How do we hear our prayers? In the words of philosopher Gemma Corradi Fiumara, there can “be no saying without hearing, no speaking which is not an integral part of listening, no speech which is not somehow received.” Therefore, hearing should be considered an essential aspect of participation in Christian worship. However, although almost all studies of Christian worship attend to the words spoken and sung, almost none consider how worshippers hear in the liturgical event.
In Hearing Our Prayers, Juliette Day draws upon insights from liturgical studies, philosophy, psychology, acoustical science, and architectural studies to investigate how acts of audition occur in Christian worship. The book discusses the different listening strategies worshippers use for speech, chant, and music, as well as for silence and noise: why paying attention in church can be so difficult and how what we hear is affected by the buildings in which worship takes place. Day concludes by identifying 'liturgical listening' as a particular type of ritual participation and emphasizes that liturgical listening is foundational for the way in which we pray, and think about God, the Church, and the world.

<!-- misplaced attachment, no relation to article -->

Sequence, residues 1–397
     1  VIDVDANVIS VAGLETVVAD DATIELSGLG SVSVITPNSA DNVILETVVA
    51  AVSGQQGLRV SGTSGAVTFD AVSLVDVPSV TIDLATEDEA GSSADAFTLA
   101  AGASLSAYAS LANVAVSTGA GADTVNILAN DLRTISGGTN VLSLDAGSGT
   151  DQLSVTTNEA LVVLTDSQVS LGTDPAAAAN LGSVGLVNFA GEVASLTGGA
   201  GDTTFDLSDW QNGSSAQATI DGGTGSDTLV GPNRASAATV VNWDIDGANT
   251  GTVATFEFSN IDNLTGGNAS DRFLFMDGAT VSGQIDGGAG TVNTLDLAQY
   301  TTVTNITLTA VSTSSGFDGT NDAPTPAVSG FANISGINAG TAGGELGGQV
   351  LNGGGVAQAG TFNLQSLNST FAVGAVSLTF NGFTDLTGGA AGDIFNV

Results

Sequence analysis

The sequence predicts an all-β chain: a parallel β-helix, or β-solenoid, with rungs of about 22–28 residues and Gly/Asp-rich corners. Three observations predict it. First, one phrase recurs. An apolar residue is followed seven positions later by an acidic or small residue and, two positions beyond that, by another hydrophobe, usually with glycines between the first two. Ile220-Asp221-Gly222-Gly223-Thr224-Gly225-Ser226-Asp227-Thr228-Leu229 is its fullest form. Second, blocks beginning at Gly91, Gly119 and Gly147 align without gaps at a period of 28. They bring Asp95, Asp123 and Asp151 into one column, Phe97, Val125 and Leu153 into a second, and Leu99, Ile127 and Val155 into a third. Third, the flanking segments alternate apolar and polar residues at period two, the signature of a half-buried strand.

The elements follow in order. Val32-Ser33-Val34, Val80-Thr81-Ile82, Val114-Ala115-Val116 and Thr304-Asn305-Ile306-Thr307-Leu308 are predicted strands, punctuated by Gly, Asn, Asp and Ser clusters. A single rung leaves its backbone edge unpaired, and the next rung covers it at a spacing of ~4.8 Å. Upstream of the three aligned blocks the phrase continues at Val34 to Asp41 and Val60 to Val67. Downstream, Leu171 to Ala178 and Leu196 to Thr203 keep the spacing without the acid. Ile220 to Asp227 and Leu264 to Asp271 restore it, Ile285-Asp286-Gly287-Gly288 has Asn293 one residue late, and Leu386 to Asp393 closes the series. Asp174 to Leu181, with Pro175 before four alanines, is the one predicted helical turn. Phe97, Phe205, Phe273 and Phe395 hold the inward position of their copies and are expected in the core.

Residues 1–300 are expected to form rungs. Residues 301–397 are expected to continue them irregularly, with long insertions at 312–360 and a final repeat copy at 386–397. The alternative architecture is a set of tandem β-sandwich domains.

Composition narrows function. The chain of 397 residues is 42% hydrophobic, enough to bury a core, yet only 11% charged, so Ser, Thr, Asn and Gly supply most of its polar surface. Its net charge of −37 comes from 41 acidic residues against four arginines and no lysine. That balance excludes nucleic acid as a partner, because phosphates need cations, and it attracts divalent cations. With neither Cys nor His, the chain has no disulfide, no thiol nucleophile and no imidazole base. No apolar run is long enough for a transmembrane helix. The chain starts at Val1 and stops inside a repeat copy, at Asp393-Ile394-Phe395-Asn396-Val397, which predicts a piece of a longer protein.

Juliette J. Day is university lecturer and docent in church history at the University of Helsinki.